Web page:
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Publication numberUS20040201218 A1
Publication typeApplication
Application numberUS 10/185,877
Publication dateOct 14, 2004
Filing dateJun 28, 2002
Priority dateSep 12, 2001
Publication number10185877, 185877, US 2004/0201218 A1, US 2004/201218 A1, US 20040201218 A1, US 20040201218A1, US 2004201218 A1, US 2004201218A1, US-A1-20040201218, US-A1-2004201218, US2004/0201218A1, US2004/201218A1, US20040201218 A1, US20040201218A1, US2004201218 A1, US2004201218A1
InventorsLee Hebert
Original AssigneeHebert Lee A.
Export CitationBiBTeX, EndNote, RefMan
External Links: USPTO, USPTO Assignment, Espacenet
Increasing the efficiency of energy generation with distributed energy storage
US 20040201218 A1
Abstract
An inverter/charger (14), battery (16), energy saving storage system, for storing, then inverting back to Alternating Current surplus electrical energy upon command from a controlled switch (18).
Images(3)
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Claims(6)
I Claim:
1. A method for increasing the efficiency of electrical generation comprising the steps of:
(a) providing a means for converting an alternating current energy to a direct current energy in a storage medium, (b) providing a means for controlling the point in time to convert said alternating current energy to said direct current energy in said storage medium, (c) providing a means for inverting said direct current energy in said storage medium to a reconstituted alternating current energy, (d) providing a means for controlling the point in time to invert said stored direct current energy to said reconstituted alternating current energy, whereby surplus electrical energy generated at one point in time can be used for electrical work at another point in time, increasing the overall efficiency of electrical energy generation to use, whereby an increase in efficiency could result in substantially less wasteful energy generation, and substantially less environmental damage from pollution generated to support the same load.
2. The method of increasing the efficiency of electrical generation of claim 1, wherein comprising the steps of:
(a) providing a plurality of said means to increase the efficiency of electrical generation, (b) providing a means to control the point in time an individual or a group of individuals taken from said plurality could recharge said storage medium, whereby a substantially greater number of customers or a substantially greater load demand spread out over time, can be accomplished from a given generating capacity than would otherwise be possible, whereby a reduction in pollution and waste of our natural resources could be realized over the need to run a generating capacity large enough to support 100% of the loads at the same point in time.
3. The method of claim 2, controlling the point in time to recharge said storage mediums wherein (a) providing a knowledge of green energy available at a given point in time said groups could be controlled to store surplus energy at that exact point in time, whereby full use of environmentally friendly generation could be realized before the need to run additional environmentally harmful generation occurred. whereby the entire global community of life will benefit from a cleaner healthier environment,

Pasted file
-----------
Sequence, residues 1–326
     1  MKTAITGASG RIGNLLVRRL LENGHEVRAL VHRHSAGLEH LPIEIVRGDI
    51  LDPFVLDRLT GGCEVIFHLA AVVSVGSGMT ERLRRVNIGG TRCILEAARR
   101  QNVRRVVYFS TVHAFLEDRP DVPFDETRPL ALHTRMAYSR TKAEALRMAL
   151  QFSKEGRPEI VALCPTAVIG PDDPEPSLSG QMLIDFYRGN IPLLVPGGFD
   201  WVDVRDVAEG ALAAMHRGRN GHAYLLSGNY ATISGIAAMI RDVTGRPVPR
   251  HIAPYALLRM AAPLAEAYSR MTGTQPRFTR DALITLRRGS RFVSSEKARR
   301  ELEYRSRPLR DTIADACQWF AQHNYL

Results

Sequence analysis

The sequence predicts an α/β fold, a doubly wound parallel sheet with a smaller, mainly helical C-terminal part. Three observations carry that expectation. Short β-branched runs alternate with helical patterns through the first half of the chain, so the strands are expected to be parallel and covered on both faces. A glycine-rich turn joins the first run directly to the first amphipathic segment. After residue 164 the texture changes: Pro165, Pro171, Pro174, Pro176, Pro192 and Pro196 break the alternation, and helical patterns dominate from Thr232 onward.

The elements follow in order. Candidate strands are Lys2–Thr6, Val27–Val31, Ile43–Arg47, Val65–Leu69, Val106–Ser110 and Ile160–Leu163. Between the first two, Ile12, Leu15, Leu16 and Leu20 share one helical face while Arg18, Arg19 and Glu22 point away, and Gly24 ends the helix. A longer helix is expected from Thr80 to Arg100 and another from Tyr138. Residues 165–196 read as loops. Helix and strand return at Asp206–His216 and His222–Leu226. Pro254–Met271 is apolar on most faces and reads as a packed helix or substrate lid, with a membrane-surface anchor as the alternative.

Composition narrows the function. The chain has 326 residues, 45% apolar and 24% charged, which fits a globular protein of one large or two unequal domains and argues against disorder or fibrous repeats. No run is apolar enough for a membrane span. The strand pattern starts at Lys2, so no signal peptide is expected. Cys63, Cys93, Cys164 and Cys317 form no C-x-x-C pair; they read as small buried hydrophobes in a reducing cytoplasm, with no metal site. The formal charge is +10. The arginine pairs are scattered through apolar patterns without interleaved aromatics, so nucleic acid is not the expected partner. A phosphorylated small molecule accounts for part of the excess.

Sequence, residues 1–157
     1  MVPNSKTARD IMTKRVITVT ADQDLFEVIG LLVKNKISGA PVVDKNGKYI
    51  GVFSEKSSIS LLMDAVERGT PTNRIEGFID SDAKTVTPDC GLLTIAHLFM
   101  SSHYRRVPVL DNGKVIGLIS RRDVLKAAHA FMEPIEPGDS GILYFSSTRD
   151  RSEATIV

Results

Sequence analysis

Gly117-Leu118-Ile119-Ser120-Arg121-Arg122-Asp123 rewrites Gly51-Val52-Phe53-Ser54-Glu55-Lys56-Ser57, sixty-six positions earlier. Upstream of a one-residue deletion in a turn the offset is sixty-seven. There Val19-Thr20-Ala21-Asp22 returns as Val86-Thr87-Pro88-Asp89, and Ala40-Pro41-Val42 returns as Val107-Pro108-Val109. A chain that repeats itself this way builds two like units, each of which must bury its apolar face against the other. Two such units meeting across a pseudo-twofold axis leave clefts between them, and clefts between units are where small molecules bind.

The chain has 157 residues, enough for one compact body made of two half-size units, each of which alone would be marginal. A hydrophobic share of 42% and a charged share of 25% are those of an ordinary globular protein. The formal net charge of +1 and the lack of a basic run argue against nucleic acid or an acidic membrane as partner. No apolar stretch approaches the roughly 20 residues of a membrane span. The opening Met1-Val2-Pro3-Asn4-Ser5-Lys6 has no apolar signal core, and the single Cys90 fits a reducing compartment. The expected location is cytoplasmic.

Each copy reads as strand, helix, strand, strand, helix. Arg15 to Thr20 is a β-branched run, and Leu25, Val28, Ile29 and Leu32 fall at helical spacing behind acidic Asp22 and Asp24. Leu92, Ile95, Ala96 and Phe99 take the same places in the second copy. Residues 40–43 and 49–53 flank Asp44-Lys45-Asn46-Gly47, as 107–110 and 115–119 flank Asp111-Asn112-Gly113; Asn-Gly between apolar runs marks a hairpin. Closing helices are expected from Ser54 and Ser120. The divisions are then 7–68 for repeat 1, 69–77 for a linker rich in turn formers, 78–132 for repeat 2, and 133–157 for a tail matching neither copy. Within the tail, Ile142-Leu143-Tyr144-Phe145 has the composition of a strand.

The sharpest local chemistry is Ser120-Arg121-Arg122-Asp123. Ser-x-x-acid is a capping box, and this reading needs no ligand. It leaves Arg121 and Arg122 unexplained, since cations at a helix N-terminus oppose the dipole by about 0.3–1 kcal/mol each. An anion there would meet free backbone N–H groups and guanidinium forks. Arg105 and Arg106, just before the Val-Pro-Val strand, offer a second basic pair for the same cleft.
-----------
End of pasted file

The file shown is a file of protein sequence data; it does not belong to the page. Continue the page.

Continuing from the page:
4. A machine for increasing the efficiency of electrical energy generation, comprising:
(a) a means to convert an alternating current to a direct current in a storage medium, (b) a means for controlling the point in time for converting said alternating current to said direct current in said storage medium, (c) a means to invert said direct current in said storage medium to a reconstituted alternating current, and (d) a means for controlling the point in time for inverting said direct current in said storage medium to said reconstituted alternating current, whereby surplus electrical energy generated at one point in time can be used for electrical work at another point in time, increasing the overall efficiency of electrical energy generation to use, whereby an increase in efficiency could result in substantially less wasteful energy generation, and substantially less environmental damage from pollution generated to support the same load.
5. The machine for increasing the efficiency of energy generation of claim 4, wherein comprising the steps of:
(a) a plurality of said means to increase the efficiency of electrical generation, (b) a means to control the point in time an individual machine or a group of machines taken from said plurality could recharge said storage medium, whereby a substantially greater number of customers or a substantially greater load demand spread out over time, can be accomplished from a given generating capacity than would otherwise be possible, whereby a reduction in pollution and waste of our natural resources could be realized over the need to run a generating capacity large enough to support 100% of the loads at the same point in time. whereby increasing the overall efficiency of electrical generation to end use with substantially increased system reliability to the individual ratepayer with a source of emergency power and the potential for a substantial saving from purchasing energy off peak that would only be going to waste, while helping mankind regain a cleaner, healthier environment for future generations.
6. I claim a means to convert surplus utility energy into free energy or to a least be considered a form of green energy, because mankind and all the wonders of nature living in the environment God made for us have already paid the price to create it once.
Description
    CROSS REFERENCE TO RELATED APPLICATIONS, FED. R&D FUNDS -- N/A BACKGROUND
  • [0001]
    This application is entitled to the benefit of U.S. Provisional Pat. Application Ser. No # 60/322,275, filed 09/12/01.